Education.com
Try
Brainzy
Try
Plus
LouiseSattler
LouiseSattler , Child Professional asks:
Q:

How would YOU help to change our national educational system?

The educational system within the United States has been spotlighted in a new movie - WAITING FOR SUPERMAN.  It is a very powerful and moving documentary that asks the questions- What can we do to help change the educational system in the United States which appears to be failing so many students?

I am interested in learning what our Education.com readers think about our current educational system AND what constructive and perhaps innovative suggestions readers have to HELP our students to learn and be successful?

Please note, that I am about positive comments and not here to bash any aspects of the movie itself or to promote the movie.  Just to use it as a catalyst for discussion, much in the same vain as the recent OPRAH show.

Thank you.
In Topics: School and Academics, National education standards and No Child Left Behind
> 60 days ago

|

Expert

Houli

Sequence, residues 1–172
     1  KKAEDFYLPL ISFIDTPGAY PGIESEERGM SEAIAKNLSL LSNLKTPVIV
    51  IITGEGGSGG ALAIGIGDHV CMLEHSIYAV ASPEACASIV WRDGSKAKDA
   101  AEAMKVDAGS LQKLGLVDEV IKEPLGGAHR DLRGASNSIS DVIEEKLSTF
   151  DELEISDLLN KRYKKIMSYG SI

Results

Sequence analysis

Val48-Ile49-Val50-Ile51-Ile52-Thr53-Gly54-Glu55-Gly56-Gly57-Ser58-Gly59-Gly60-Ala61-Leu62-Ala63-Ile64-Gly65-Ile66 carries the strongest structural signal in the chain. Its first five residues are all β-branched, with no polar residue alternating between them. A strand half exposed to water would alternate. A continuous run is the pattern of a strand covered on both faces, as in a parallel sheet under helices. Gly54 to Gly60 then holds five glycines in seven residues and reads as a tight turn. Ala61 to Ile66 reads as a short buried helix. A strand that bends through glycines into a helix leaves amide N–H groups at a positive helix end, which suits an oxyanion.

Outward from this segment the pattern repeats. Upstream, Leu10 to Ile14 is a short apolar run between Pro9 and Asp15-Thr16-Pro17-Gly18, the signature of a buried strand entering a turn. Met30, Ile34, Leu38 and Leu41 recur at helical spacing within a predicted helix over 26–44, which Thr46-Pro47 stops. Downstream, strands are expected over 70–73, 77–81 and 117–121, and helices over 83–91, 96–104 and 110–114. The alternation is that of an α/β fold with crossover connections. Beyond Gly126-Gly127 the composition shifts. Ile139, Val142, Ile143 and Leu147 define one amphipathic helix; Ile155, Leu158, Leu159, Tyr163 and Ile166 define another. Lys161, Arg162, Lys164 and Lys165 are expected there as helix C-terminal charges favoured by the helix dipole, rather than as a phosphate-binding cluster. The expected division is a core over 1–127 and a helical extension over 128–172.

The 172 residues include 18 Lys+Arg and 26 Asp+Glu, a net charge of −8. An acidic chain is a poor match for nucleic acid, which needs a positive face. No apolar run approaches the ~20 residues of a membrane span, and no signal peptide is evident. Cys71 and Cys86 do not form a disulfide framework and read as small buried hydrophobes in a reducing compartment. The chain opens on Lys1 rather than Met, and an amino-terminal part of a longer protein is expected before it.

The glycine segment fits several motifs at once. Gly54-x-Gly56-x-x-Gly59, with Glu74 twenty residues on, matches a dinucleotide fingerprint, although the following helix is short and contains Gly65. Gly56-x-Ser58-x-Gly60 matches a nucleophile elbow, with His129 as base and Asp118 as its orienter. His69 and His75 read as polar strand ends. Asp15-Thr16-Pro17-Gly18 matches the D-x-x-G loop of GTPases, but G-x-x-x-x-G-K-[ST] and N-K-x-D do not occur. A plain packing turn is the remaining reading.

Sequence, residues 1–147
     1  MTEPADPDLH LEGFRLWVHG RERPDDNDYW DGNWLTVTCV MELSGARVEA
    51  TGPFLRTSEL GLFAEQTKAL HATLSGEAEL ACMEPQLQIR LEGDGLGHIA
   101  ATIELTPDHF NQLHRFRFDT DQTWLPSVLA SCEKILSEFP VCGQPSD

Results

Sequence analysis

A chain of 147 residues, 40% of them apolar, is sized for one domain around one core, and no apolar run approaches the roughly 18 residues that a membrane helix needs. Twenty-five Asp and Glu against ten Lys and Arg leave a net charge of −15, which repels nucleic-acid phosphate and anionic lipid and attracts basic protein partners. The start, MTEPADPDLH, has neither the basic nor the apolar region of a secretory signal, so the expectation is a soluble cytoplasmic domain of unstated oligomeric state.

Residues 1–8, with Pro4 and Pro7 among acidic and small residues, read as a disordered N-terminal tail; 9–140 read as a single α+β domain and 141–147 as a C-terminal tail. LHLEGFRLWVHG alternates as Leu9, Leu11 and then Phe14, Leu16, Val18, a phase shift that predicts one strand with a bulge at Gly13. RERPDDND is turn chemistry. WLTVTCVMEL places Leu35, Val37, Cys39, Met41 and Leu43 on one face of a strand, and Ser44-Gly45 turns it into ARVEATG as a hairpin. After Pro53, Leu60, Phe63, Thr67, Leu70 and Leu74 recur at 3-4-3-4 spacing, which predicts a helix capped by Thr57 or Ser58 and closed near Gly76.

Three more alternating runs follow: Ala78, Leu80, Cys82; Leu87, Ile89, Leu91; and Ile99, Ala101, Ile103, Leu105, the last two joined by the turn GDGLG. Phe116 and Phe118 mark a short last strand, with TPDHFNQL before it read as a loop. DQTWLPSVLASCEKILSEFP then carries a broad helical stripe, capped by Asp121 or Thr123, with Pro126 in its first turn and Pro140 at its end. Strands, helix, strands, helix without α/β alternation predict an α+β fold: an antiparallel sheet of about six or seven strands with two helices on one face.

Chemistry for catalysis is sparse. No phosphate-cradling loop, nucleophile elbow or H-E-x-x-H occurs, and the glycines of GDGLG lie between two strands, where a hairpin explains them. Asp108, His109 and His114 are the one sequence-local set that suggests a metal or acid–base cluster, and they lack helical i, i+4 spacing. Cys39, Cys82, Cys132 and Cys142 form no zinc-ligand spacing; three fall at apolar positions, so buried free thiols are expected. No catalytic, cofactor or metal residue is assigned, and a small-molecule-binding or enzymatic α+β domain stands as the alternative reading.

Oct 12, 2010
Subscribe to Expert

What the Expert Says:

Great question!  The real issue about improving the school system is that it depends on the local school and school system.  Some schools are great while others need lots of work.  I believe that "as the principal goes, so goes the school".  Schools with strong principals usually tend to be highly successful while schools with less than stellar leaadership often have major issues.

At the national level, the recent "Race to the Top" competition between states provides significant funding (up to $400m in the average state) to support major state reforms of those selected.  Check your state's website to see if your state was selected.

All too often we expect major change without the resources to be successful.  With a little help, and the right leaders, we can improve our schools significantly.

Thanks for your insightful question.

Did you find this answer useful?
2
yes
0
no

Additional Answers (8)

greenprof2
greenprof2 writes: